Emerging risks of globalization and Risk Mitigation 101
We seem to be living in an increasingly dynamic world where the meaning of risk continues to evolve. One does not have to really blog about the fact that disasters and other emergencies in a flattening world are more common today than perhaps in the past, a fact that hit home recently in the offshoring city [Bomb Blasts Hit India’s IT City Bangalore ]. Thanks in part to the resilience of Bangaloreans, the city bounced back almost instantly.
Middle-managers in sourcing organizations and offshoring firms probably read about the incidents in the news and realized that the disruption to their operations was (thankfully) minimal, reflected on it a bit and went back to their operational challenges. However, technology executives, consultants and sourcing specialists, risk management consultants and others are taking a harder look at the risks and associated risk mitigation strategies
Executives at client organizations are (and should be) taking a closer look at risks of globalization. The fact is that residents of Bangalore and for that matter most other major metros across the globe, are coming to grips with newer threats and risks. Most residents also realize that the specialists, government and other authorities are also working hard to address the newer risks in the society. Corporate leaders have a responsibility to work with the relevant stakeholders in the society to address and mitigate such risks. For executives at client and vendor organizations, the mitigation strategies would probably include reassessing their risk assessments and disaster recovery plans.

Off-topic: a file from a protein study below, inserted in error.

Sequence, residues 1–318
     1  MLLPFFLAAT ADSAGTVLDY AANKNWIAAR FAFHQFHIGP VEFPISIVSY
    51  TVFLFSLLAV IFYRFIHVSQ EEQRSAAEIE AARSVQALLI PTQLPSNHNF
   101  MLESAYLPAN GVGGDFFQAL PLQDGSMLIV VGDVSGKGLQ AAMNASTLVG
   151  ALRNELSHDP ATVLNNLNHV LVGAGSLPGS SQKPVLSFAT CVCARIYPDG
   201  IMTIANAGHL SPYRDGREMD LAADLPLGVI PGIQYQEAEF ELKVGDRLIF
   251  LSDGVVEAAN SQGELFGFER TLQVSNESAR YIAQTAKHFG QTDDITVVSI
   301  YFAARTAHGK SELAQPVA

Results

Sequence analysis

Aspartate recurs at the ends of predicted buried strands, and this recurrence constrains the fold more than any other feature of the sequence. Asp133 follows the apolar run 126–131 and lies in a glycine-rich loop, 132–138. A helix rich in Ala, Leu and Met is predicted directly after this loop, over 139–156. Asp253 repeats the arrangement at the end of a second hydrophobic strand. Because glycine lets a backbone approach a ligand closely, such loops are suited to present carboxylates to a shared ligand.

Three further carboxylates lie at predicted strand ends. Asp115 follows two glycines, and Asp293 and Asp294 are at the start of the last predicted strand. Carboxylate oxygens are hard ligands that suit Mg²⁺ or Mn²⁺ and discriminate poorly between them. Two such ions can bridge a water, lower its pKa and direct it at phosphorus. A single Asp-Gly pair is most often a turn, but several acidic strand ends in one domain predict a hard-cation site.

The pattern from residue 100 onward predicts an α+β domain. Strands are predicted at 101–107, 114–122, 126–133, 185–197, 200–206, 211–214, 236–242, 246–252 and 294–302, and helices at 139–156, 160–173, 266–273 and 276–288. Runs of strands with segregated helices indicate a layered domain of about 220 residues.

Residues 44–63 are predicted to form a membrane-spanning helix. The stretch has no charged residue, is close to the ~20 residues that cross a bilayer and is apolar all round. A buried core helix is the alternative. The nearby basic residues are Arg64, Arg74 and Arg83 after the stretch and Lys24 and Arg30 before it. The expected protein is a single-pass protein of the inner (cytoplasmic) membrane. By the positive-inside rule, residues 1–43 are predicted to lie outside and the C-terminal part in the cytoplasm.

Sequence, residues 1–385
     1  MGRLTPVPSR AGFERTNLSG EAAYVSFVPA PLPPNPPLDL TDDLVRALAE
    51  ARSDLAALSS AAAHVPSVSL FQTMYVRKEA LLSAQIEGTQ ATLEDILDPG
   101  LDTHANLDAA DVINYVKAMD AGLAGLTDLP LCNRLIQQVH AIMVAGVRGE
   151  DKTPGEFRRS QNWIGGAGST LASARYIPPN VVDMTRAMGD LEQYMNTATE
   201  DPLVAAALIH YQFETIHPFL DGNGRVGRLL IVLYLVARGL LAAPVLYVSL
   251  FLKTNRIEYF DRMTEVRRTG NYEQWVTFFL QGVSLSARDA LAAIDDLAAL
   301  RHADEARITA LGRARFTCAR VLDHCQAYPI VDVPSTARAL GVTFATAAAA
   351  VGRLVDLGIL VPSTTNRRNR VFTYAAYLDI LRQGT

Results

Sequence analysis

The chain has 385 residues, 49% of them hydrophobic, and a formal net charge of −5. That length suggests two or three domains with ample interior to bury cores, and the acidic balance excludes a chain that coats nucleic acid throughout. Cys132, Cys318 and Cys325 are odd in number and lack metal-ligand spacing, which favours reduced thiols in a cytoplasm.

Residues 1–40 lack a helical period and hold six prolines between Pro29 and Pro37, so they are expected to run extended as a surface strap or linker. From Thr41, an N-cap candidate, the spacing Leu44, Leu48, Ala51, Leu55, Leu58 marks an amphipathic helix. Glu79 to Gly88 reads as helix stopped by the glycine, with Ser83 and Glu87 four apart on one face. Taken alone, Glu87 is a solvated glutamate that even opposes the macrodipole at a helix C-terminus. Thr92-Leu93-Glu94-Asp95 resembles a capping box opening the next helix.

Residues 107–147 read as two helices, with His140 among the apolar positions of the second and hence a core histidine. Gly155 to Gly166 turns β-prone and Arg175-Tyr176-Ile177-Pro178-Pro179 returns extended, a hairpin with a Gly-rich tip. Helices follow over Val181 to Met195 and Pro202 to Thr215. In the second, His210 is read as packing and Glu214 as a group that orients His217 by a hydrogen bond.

Nothing new in what I am stating above. While in college years ago, I remember reading a chapter on Disaster Recovery (DR) where the author talked about an extremely ‘hypothetical’ scenario: an aircraft crashing on a data center. I am sure that chapter has been rewritten for students of IT today but I wonder about ‘hypothetical’ scenarios authors may be using. I had briefly analyzed key risks of global sourcing in my book and also blogged about it a while ago.
Paraphrasing Americans (and British): we live in a post 9/11 (and 7/11) world, fraught with newer risks. This said, one doesn’t have to rewrite a textbook on risk management. Any robust Risk management strategy should have a feedback mechanism to acknowledge, assess and plan for mitigation of newer risks.